Is bitcoin (BTC-USD) going to become a widely used medium of exchange? Its lack of acceptance as a means of payment among merchants, as well as its high transaction costs, “is now changing,” Morgan Stanley analyst Sheena Shah wrote in a note to clients Thursday.
Room to grow? The global crypto market cap recently stood at $1.87T, which may sound large, but not when compared with more established asset classes like global equities (~$90T), bonds (~$120T), and Gold (XAUUSD:CUR) (~$12T), according to 2021 figures.
A slew of payment companies, in particular, are looking to expand their reach in the growing decentralized space. For example, payments firm Strike recently teamed up with point-of-sale supplier NCR (NCR) and rewards-based payments firm Blackhawk Network, which “could mean that a large number of physical stores, restaurants and cafes in the US will be able to accept bitcoin payments in the near future,” Shah explained.
Also, Strike in early April partnered with ecommerce platform Shopify (SHOP) to allow merchants to accept bitcoin (BTC-USD) payments as dollars over the Lightning Network, the most popular BTC scaling solution. “This is not a small deal,” SA contributor Mike Fay said April 14. “The merchant benefits from this kind of exchange because the merchant doesn’t need to pay traditional payment processing fees through traditional payment rails. For the user, paying for goods through Bitcoin’s Lightning Network might ultimately lead to lower prices for everything since the merchant won’t have to bake the processing fee into the cost of the item,” he added. The crypto adoption “evolution” doesn’t stop there. Another payment processing firm, Fidelity National Information Services (FIS) said early April that it will offer merchants the ability to receive settlement directly in USD Coin (USDC-USD), a stablecoin pegged to the U.S. dollar.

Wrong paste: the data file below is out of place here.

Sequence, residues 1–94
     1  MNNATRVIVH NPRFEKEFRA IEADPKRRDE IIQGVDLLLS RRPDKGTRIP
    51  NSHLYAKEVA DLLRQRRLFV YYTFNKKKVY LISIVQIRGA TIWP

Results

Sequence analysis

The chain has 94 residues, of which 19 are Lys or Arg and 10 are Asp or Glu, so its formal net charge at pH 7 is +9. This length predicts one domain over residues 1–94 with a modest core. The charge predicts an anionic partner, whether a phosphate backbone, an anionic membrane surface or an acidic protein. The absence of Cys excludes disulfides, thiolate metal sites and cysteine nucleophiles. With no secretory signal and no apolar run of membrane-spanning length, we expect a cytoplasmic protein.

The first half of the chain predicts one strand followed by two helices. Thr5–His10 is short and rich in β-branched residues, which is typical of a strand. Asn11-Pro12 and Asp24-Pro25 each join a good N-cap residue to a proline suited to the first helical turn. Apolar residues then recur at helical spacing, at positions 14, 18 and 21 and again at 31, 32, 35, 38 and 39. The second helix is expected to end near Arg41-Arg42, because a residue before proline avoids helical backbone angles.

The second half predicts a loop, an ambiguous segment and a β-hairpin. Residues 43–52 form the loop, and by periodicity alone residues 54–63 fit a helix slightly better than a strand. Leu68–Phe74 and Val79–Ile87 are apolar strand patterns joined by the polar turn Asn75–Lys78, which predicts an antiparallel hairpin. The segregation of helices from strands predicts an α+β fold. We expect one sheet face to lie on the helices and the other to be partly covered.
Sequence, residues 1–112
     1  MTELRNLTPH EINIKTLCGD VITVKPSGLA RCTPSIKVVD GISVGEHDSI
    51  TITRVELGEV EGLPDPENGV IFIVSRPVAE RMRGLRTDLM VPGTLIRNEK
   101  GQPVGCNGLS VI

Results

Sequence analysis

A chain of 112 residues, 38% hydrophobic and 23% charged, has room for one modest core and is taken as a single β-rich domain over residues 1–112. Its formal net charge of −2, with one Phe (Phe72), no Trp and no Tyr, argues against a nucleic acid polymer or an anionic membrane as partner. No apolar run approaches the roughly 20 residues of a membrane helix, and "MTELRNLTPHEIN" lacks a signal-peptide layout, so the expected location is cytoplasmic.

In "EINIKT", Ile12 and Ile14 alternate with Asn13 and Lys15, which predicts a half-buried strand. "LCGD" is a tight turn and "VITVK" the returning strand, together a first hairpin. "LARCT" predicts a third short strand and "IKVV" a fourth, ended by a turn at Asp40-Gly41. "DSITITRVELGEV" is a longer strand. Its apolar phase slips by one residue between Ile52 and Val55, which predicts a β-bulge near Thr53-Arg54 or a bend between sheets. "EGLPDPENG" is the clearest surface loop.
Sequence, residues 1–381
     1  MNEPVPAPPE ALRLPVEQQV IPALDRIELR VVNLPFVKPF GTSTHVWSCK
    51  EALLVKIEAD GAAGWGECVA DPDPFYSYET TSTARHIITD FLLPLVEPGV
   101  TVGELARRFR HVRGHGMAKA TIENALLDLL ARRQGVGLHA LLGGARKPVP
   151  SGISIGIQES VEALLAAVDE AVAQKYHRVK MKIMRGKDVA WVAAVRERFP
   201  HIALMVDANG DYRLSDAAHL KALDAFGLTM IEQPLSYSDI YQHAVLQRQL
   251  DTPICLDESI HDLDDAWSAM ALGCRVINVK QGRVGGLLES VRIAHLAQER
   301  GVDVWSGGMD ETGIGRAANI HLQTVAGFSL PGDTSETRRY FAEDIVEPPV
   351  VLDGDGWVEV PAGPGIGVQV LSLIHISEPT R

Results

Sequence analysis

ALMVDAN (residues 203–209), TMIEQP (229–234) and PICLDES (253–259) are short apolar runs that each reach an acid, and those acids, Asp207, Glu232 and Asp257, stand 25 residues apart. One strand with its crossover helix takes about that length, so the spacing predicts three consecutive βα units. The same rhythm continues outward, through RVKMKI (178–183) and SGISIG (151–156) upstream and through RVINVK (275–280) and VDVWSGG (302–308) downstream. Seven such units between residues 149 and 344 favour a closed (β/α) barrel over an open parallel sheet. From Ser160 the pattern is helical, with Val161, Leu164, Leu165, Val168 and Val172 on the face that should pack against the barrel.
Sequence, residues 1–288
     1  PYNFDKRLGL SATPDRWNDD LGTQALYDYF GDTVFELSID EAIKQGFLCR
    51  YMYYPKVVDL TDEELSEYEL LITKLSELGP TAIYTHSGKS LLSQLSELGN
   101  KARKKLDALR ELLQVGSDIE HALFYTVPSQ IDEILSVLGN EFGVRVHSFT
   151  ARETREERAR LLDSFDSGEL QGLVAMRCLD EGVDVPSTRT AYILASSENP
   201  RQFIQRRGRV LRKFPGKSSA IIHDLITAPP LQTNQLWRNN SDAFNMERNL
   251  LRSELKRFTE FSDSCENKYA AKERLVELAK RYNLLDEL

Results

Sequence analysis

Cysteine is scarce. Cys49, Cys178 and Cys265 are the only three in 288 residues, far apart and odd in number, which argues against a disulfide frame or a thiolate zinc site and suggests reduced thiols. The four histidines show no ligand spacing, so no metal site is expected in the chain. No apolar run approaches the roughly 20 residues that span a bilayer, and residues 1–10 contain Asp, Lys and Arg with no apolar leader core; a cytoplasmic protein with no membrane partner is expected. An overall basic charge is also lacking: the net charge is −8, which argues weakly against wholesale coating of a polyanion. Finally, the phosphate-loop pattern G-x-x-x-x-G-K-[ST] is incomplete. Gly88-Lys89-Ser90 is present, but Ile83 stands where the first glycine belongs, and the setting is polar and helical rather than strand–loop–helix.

Keep in mind that fees on bitcoin (BTC-USD) transactions using the Lightning Network are next to zero, compared with the average fee to transact BTC on the Proof-of-Work blockchain of around $1.50, making the layer 2 payment protocol “much more practical for small payments that would otherwise be made using a debit card,” the note said.
Given that 85% of sales in the U.S. occur in shops rather than online, it’s more important to monitor the development of physical stores’ acceptance of crypto, Shah said. And while bitcoin’s (BTC-USD) price swings are known to be wild, volatility could moderate significantly if BTC’s usage as a medium of payment, either through cards or payment terminals, becomes more widely accepted, Shah noted.
Furthermore, Starbucks (SBUX), after recently collaborating with digital asset platform Bakkt (BKKT) to offer crypto payment top-ups through its app, is now one of the largest retailers that accepts bitcoin (BTC-USD) in its stores. In the beginning of April, Bakkt, which enables customers to seamlessly access and transact across all digital assets, had allowed American Bank customers to access bitcoin and Ethereum (ETH-USD).
But not everyone is on board. Ecommerce giant Amazon’s (AMZN) CEO Andy Jassy in mid-April said that his company is “probably not close” to adding crypto as a payment mechanism.
Earlier in the week ended April 22, Australia’s financial regulator unveiled a crypto policy roadmap as interest in the space expands.
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